It is very interesting to me how some places, things, and people recur in a persons life. Gilgal is one of those places.I first visited the garden in 1977 on the invitation of a co-worker from the University Bookstore. It was late evening and after a trip to the Sev for some brews he took me into this place and we snuck around amongst the sculptures and had our little party being respectful of the surroundings in a long ago dreamlike visit.
It wasn’t until the year 2000 that through my job I revisited as a Salt Lake City Official. I was quite amused as I vaguely remembered being here before. The City had taken the property over as a park and believe me it looked much different than it does today. The sculptures are mostly the same but the property had become very overgrown with volunteer trees and hidden living arrangements. In the early 2000’s the City was quite active helping the Friends of Gilgal, (the curators of the park), with creating the access off of 500 South as well as other boundary and property line issues which I was involved with. Just before I was ready to retire from my City post I was asked to become a board member of The Friends of Gilgal to help with some of the remaining boundary issues.I was happy to become involved and feel a cherished connection to the property as well as the other volunteers that help make this place an open, free destination for visitors to Salt Lake City.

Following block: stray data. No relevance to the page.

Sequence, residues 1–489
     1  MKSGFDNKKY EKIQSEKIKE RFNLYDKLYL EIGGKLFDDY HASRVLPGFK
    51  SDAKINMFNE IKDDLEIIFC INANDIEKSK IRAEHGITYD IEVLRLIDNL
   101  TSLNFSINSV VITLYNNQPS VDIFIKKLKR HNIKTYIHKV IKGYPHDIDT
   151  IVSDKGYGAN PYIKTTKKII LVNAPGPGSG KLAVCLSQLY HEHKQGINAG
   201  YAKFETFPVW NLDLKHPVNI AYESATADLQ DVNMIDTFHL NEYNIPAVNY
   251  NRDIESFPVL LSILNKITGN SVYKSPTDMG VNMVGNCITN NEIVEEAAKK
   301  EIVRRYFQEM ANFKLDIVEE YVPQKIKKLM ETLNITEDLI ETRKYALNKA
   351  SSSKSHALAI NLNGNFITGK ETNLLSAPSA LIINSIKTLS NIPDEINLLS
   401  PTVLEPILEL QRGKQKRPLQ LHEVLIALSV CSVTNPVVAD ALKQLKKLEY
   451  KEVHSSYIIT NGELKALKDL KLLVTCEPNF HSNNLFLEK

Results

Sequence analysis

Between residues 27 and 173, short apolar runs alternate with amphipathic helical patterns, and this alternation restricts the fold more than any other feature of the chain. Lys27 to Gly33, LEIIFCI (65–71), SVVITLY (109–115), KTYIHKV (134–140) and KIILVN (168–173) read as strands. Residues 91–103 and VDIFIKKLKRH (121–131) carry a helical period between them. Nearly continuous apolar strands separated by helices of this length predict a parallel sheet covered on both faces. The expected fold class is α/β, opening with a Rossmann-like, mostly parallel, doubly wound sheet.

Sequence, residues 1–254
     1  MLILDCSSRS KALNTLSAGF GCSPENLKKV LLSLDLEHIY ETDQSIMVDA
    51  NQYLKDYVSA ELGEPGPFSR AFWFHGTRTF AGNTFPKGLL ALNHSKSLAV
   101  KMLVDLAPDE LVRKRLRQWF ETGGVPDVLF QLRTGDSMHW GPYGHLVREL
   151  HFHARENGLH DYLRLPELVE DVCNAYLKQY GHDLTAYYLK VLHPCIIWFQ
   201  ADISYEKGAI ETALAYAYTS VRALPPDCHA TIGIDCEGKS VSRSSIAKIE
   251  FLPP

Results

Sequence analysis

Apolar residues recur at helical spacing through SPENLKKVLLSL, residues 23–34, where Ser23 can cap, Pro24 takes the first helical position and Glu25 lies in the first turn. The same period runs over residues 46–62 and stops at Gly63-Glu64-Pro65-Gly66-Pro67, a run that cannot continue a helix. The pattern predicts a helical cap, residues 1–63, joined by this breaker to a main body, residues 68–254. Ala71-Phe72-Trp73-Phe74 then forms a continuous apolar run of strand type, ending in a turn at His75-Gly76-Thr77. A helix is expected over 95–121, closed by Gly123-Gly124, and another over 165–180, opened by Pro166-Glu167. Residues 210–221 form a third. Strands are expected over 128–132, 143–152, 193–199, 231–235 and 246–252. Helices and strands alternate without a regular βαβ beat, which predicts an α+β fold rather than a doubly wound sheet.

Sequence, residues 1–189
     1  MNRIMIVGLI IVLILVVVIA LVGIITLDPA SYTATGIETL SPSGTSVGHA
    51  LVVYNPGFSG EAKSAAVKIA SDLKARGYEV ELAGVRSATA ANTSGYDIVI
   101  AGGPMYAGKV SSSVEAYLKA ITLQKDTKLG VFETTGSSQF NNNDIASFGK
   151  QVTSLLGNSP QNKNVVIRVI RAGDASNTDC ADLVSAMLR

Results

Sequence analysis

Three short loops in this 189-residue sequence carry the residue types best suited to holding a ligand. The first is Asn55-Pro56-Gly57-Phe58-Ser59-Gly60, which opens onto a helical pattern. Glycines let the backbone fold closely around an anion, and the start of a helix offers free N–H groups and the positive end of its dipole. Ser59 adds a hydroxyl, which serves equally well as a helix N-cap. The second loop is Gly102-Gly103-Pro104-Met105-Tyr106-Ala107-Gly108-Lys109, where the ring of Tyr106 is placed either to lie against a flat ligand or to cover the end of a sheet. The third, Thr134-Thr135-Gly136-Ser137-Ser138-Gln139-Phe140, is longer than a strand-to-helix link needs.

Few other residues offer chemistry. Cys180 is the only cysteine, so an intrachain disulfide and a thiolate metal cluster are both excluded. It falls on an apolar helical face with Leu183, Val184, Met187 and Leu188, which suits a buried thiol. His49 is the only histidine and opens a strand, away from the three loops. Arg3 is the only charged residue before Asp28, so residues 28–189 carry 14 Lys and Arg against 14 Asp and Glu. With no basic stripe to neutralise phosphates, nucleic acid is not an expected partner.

With my board member tenure I felt it important to have a hands on connection to the property. Helping Judi Short and the master gardners really became a favorite Tuesday morning activity for me and was a good time to walk around and visit the garden. These Tuesdays were a great opportunity to meet the variety of visitors from all over the world, or even from a few streets away that seemed to always have praise for the beauty and peaceful nature of Gilgal Garden.
Today I live in a different part of Utah and have become an occasional visitor. It is still very satisfying to visit and realize it is one of the places that was saved from development in the late 1990’s by a group of people that cared enough. It is a place that has been vastly enhanced by the volunteers and cared for by the Friends of Gilgal and Salt Lake City.
Much thanks and appreciation to past, present, and future board members and volunteers for all their work to preserve the property with regard to the creator, Thomas B. Child, and for the enjoyment of our visitors.
Salt Lake City